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..And She Laughed No More: Stoke City's (first) Premiership Adventure Paperback – 3 Sep 2009


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..And She Laughed No More: Stoke City's (first) Premiership Adventure + 50 Seasons a Stokie: 1961 to 2011
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Product details

  • Paperback: 288 pages
  • Publisher: Short Books Ltd (3 Sep 2009)
  • Language: English
  • ISBN-10: 1906021627
  • ISBN-13: 978-1906021627
  • Product Dimensions: 13 x 2 x 19.6 cm
  • Average Customer Review: 4.6 out of 5 stars  See all reviews (7 customer reviews)
  • Amazon Bestsellers Rank: 73,239 in Books (See Top 100 in Books)

More About the Author

I began writing at the Norwich School of Art and Design when I returned to education in my mid-thirties. For my degree show piece I had fifty copies of a book of short stories printed which I put on a plinth. I intended to sell them at a fiver each on the night thereby making fifty quid over the £200 cost of publishing. Instead I gave most of them away and came out of it with a net loss of £150. It was an illustration of why writers need agents.

Those fifty books were called 'Close Quarters' and were eventually published as 'It Cracks Like Breaking Skin' by Faber, a course of events which amazed me. They were short-listed for the Macmillan PEN Award. More amazement. Next I wrote my first novel, 'Strides,' about love and trousers. I think it's my favourite of my own books. My project was to see whether you could get an un-cynical, literary love story published. And it turned out you could. It didn't sell much though. Next, a sequence of events involving my football club, Stoke City, provoked me to write my first non-fiction title, 'She Stood There Laughing.' That book charted in the national press, which was exciting. By now I was at work on my second novel, 'Are You With Me?' I am proud of that book, and I especially like the cover on the paperback original. I think it's my favourite cover of all my books.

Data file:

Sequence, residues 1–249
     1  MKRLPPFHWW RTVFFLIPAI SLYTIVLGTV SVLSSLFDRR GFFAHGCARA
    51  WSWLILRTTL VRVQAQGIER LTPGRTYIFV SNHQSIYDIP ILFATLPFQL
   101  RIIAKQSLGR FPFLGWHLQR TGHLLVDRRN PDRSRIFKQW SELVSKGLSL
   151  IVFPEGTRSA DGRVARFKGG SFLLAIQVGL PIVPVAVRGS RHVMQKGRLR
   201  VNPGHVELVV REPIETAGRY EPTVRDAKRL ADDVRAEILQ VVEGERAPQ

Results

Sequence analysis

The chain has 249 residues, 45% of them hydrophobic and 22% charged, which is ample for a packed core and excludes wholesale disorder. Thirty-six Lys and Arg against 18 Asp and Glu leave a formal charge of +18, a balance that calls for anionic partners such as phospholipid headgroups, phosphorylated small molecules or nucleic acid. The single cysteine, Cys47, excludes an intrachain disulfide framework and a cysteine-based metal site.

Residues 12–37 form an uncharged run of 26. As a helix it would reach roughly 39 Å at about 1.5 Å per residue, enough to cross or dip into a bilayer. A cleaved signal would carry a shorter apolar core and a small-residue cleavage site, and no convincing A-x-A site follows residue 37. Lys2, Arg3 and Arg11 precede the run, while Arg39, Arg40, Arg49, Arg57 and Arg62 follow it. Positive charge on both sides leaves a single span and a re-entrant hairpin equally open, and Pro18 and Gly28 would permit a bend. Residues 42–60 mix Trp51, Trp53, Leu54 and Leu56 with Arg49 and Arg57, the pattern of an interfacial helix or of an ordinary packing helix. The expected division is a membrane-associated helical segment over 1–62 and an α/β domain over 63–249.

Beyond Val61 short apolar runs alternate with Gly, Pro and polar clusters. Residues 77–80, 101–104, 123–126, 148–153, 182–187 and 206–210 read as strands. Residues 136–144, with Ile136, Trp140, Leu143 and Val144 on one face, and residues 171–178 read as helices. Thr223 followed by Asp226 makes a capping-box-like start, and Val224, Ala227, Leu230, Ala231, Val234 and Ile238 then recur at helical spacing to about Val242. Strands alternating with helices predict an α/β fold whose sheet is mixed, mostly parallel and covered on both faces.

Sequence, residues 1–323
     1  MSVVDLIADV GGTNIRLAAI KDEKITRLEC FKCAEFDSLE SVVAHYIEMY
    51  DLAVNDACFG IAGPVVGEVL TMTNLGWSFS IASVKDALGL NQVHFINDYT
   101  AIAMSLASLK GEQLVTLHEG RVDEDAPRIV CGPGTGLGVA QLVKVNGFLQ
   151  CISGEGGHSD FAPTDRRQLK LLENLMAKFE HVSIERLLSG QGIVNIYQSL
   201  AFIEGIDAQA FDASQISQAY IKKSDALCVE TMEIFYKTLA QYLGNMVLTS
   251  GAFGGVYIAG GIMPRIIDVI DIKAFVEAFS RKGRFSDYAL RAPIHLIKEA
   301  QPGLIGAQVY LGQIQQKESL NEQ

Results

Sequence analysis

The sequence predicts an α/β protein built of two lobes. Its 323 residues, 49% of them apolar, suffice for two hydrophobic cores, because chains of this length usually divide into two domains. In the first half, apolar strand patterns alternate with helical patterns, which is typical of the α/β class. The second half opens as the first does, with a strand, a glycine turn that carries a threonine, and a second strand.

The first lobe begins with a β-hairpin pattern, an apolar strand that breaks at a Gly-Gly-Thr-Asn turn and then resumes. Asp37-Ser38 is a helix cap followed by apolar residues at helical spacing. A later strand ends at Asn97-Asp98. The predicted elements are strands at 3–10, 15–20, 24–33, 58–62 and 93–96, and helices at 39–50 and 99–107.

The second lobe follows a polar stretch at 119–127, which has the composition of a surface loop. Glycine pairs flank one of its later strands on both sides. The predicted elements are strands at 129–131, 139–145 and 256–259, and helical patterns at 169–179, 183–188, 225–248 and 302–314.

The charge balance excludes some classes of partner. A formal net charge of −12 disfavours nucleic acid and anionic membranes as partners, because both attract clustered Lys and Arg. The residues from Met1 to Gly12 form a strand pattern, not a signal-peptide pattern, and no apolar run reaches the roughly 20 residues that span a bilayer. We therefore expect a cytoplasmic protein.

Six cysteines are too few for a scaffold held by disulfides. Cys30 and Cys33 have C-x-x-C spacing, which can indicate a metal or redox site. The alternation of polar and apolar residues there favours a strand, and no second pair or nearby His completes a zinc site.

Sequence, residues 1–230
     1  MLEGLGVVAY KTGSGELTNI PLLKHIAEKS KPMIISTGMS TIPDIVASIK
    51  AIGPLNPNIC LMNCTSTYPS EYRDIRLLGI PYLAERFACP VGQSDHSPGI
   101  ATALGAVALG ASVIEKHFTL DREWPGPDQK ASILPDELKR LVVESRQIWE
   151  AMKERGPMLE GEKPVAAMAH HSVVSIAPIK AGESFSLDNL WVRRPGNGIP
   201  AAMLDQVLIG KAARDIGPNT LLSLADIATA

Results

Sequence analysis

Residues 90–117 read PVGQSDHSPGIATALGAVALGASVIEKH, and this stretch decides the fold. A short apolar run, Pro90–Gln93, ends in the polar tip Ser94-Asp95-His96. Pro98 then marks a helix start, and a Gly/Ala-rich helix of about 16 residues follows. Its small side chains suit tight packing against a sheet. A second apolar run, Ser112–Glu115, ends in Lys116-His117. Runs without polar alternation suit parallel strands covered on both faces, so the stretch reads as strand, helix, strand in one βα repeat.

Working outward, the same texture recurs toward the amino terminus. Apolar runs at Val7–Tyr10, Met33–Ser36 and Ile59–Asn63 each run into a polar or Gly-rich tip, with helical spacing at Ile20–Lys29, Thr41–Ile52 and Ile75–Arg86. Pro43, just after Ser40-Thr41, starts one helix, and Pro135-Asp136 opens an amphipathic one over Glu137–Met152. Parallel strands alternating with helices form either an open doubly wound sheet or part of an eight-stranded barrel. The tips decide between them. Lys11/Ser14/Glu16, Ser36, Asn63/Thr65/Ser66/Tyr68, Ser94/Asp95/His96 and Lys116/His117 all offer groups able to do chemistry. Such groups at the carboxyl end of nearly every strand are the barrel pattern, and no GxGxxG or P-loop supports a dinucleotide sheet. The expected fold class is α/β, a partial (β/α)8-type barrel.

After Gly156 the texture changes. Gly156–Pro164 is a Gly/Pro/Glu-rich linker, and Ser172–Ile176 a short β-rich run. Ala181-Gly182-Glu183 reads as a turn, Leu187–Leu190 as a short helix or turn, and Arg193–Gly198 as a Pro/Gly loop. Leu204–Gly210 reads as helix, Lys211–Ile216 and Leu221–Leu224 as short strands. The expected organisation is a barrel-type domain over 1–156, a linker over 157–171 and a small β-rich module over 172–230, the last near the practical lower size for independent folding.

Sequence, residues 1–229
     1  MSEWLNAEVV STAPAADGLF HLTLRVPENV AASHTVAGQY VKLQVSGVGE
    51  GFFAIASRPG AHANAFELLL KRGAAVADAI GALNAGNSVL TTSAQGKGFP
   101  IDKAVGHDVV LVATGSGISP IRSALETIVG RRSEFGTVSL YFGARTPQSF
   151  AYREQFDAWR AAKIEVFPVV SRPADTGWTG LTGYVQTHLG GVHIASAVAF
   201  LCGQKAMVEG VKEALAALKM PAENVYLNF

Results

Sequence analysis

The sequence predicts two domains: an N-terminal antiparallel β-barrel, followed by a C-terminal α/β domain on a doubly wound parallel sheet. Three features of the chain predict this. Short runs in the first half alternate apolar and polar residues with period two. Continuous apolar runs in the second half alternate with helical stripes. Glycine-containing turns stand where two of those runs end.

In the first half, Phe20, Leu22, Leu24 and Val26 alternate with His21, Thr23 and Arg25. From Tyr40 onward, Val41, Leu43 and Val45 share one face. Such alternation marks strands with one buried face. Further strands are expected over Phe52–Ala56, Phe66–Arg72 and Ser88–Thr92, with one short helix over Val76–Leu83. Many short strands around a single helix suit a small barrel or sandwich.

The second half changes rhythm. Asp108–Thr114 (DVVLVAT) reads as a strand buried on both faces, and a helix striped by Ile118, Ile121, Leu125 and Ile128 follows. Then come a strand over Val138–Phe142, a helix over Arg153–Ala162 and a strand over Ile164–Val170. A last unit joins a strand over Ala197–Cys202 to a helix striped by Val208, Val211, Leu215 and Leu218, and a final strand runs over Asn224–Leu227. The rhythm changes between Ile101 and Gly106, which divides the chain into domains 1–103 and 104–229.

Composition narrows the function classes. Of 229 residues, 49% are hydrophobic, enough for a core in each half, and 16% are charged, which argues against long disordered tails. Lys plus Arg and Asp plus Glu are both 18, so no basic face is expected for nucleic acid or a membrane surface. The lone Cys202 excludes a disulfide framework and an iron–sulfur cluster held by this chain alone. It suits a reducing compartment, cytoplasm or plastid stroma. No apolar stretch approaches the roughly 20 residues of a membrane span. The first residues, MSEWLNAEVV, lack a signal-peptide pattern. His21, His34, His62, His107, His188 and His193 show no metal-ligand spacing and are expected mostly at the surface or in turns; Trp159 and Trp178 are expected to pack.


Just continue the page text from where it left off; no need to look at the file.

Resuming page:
While I was working on AYWM? a rescue lurcher called Ollie came along. Ollie tried to destroy my life for a while. After we had reached some sort of accommodation I wrote 'Walking Ollie,' which, to my surprise, became a bestseller. A pup called Dylan came to join Ollie and naturally there was a follow up 'Along Came Dylan,' which, for one week only, was outselling Russell Brand's 'Booky Wook.' I wrote an 80s memoir next: From Working Class Hero to Absolute Disgrace. Nice reviews, zip sales. Then Stoke City were promoted into the Premiership and I chronicled that year in 'And She Laughed No More.' That wasn't especially well published and by now my career was in a tailspin.

Stoke, founder members of the football league, have just reached the FA Cup Final for the first time in 148 years of club history. They will play Manchester City. I intend to write a book about that match called 'The Final.' Because I want to have it in the public domain as soon after the game as possible I am going to experiment by publishing it direct to Amazon Kindle on June 1st. Dear readers, please spread the word on that, and thanks for your support over the years.

All best wishes, Stephen Foster


Blog: http://walkingollie.wordpress.com/

Product Description

Review

Foster's second book about his beloved, yet dismally dull, club will live forever.
--Daily Mirror, September 25, 2009

A brilliant sequel to 'And She Laughed No More.' An excellent 9/10 read. --The Oatcake, October 17, 2009

About the Author

Stephen Foster is the author of the top ten bestselling Walking Ollie and Along Came Dylan, which have sold more than 150,000 copies, and From Working Class Hero to Absolute Disgrace. She Stood There Laughing, his account of a season following Stoke City, was one of the bestselling sports books of 2004. He lives in Norwich with his partner and Dylan.

Customer Reviews

4.6 out of 5 stars
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Most Helpful Customer Reviews